Thrift Treasure: Deutschlandreise Board Game
It’s always fascinating to me the oddity of games we get in our local Goodwill. Back in 2016 we had picked up a copy of Łowca Obrazków for a couple dollars. It took some research, but we finally figured out it was a Polish version of a popular German game called Bilder Jagd. It had also been reissued in the U.S. under the name Instant Recall, so finding instructions wasn’t too difficult.
This time we found not one, but two copies of the German game, Deutschlandreise, at a different thrift store! The fact that we have the Rock Island Arsenal nearby is the most likely reason these German-only games ended up in a Midwest thrift store. The original owners were probably stationed in Europe and either purchased, or received as gifts, this very popular game which dates back to the 1930’s!
It was obvious the owners we’re well-versed in German either as the boxes included photocopies of typed-out rules in English. The original rulebook was also included, so I elected to use modern technology to find out how to play instead of relying on a decades-old translation. For that I turned to my Google Translate app, which can translate full pages of printed text on the fly!
Deutschlandreise is a board game for up to six players who will travel across the German landscape visiting cities and eventually arriving in the destination city. To set up the game, place the large board in the center of the play area and sort all of the included cards by color. These four decks are then placed in the designated spaces on the board. Everyone agrees on a final destination city (typically chosen as their current hometown) and that card is removed from the appropriate deck and the included marker is placed on the board on that city. All players then draw two cards from each city pile, forming their hand of eight cards. They also receive four action cards, which are kept secret from other players.
All players may choose their starting location from one of the city cards in their hand. Their pawn is placed on that location and the matching city card is returned to the bottom of the corresponding deck. On a turn a player may either roll the custom die or play one of their action cards in their hand.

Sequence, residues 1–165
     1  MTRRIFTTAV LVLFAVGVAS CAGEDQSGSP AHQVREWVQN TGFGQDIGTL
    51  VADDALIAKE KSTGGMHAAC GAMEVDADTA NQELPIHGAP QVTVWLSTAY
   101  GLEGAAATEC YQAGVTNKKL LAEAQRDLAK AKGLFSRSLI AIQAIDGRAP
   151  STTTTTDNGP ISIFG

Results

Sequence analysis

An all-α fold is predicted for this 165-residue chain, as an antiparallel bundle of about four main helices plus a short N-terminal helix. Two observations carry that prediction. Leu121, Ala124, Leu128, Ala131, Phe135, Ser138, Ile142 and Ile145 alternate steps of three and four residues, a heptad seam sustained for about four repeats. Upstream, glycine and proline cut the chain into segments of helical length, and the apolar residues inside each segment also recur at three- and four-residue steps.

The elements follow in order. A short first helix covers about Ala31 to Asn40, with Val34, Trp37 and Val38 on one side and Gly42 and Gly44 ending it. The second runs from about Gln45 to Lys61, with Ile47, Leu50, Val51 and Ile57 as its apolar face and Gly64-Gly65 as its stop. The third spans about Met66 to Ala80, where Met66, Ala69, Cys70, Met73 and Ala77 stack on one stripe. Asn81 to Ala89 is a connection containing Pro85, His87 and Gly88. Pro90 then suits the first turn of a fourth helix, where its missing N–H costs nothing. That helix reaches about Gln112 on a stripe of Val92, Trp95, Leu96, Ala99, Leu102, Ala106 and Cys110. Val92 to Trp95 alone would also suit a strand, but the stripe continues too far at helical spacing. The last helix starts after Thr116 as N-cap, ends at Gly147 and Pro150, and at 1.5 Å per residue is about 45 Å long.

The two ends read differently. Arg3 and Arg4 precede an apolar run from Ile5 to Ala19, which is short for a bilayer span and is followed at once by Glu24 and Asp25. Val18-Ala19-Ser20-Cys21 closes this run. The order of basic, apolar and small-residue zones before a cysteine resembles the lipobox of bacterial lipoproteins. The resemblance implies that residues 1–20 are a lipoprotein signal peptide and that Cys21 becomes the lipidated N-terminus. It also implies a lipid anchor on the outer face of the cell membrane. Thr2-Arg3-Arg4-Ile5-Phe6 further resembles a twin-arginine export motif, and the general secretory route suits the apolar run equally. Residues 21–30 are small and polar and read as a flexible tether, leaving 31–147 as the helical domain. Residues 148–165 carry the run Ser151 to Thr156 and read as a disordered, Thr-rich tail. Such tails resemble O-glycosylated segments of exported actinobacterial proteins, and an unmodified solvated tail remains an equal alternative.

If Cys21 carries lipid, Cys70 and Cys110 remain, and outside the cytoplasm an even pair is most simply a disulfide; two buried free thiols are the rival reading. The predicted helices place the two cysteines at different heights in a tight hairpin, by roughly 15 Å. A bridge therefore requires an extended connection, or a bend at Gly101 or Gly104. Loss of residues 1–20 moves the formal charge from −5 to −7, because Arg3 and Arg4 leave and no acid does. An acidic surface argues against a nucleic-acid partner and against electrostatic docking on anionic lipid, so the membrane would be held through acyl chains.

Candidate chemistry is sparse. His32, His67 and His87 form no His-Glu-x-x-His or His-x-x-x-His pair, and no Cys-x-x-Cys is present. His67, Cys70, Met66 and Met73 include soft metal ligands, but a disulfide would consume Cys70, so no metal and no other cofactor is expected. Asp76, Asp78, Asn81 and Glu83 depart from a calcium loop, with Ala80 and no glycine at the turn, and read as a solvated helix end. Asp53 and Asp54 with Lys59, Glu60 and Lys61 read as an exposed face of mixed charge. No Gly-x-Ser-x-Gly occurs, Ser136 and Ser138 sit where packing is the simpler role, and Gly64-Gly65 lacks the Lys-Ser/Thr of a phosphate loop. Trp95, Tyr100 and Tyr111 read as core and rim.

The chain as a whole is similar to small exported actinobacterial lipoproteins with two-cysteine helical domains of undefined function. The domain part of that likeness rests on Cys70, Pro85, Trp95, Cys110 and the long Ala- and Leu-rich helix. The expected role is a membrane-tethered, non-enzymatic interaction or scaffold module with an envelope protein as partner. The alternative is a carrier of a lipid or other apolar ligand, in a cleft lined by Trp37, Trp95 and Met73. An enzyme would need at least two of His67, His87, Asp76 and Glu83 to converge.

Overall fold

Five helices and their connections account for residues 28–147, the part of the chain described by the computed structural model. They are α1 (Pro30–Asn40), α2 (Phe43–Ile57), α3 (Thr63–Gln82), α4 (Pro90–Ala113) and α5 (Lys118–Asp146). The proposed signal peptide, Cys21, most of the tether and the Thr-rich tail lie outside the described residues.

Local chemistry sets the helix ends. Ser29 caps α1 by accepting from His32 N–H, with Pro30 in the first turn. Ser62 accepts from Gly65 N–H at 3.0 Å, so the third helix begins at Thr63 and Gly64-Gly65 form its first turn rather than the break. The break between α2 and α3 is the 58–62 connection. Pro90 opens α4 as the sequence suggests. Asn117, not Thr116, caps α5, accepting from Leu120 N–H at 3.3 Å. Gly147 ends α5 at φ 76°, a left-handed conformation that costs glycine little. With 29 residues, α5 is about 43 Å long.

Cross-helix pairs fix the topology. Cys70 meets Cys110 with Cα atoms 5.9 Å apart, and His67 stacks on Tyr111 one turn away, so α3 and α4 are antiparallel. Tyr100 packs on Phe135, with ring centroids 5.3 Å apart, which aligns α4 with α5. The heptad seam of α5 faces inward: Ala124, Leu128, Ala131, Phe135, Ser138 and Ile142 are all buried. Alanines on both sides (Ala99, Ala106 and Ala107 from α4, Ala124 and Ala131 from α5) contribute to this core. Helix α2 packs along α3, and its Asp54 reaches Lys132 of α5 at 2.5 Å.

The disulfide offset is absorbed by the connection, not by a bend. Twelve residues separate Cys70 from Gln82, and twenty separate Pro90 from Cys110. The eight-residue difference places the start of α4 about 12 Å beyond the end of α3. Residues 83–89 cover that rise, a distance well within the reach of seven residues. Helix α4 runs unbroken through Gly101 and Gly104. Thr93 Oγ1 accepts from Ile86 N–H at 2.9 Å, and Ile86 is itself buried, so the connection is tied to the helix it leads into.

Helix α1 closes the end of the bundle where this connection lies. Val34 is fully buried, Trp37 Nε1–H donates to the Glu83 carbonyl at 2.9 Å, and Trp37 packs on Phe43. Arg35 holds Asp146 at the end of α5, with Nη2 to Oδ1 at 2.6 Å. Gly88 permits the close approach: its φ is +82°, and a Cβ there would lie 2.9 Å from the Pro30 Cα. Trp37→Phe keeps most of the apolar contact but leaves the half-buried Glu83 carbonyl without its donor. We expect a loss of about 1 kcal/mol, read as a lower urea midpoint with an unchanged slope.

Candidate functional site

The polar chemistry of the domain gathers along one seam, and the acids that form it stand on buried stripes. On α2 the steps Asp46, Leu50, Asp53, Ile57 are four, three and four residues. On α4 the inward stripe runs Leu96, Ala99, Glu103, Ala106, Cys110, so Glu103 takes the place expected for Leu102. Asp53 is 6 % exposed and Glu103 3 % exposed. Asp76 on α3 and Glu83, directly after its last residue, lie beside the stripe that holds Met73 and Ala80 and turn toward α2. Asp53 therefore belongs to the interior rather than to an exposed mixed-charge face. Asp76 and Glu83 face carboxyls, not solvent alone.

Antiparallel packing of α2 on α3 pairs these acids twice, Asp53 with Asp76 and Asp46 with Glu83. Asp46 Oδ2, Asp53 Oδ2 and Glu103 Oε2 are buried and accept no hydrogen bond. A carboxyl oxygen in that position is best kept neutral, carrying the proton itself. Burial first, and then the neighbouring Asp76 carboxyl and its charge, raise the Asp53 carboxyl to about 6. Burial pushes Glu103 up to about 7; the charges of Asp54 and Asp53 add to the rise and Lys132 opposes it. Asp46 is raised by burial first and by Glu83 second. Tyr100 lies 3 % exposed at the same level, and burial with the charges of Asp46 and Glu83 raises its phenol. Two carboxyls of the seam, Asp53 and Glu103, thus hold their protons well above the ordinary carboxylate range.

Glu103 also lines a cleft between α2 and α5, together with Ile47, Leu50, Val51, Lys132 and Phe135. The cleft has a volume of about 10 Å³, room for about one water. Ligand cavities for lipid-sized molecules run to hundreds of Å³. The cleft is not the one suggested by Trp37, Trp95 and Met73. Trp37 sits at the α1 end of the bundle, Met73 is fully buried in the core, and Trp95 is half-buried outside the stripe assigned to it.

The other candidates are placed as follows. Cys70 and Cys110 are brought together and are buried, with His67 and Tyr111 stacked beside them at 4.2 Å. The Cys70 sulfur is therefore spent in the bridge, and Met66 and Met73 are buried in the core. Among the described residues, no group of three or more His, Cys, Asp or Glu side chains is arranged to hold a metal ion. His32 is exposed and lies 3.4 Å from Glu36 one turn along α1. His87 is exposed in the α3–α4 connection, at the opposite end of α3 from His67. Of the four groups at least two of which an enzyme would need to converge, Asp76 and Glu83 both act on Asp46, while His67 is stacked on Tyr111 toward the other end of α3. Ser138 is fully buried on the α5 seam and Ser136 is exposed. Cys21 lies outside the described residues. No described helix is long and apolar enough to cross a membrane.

After rolling, a player will move their pawn the corresponding number of spaces on the board in one direction, following the printed pathways. If they are able to land on or pass through one of the cities they have in their hand, they can return that card to the deck and consider that visit complete. If they rolled the blank face on the die, they must draw another action card into their hand and then either roll the die again or play an action card (basically, take another turn).
Action cards allow you to move to any other city, move to a city where another player is, move someone else to your city or ask you to draw any city card from any of the decks and give it to another player. This last one is a particularly good way to slow down the progress of an opponent who has gotten much further ahead in their travels.
Players will take turns in Deutschlandreise rolling, playing action cards and visiting cities until they have no city cards left in their hand. They must then make their way towards the final destination city, which they must reach with no city cards NOR action cards! All cards must be spent before you can claim victory! The first person to reach the destination city with zero cards left is the winner of Deutschlandreise!
Amazingly, you can find a few copies of Deutschlandreise for sale on eBay for very reasonable prices, considering its rarity here in the United States. If you happen upon one at thrift, verify all of the city cards are present since even one missing will make the game nearly unplayable.
Have you even taken a trip across Germany?
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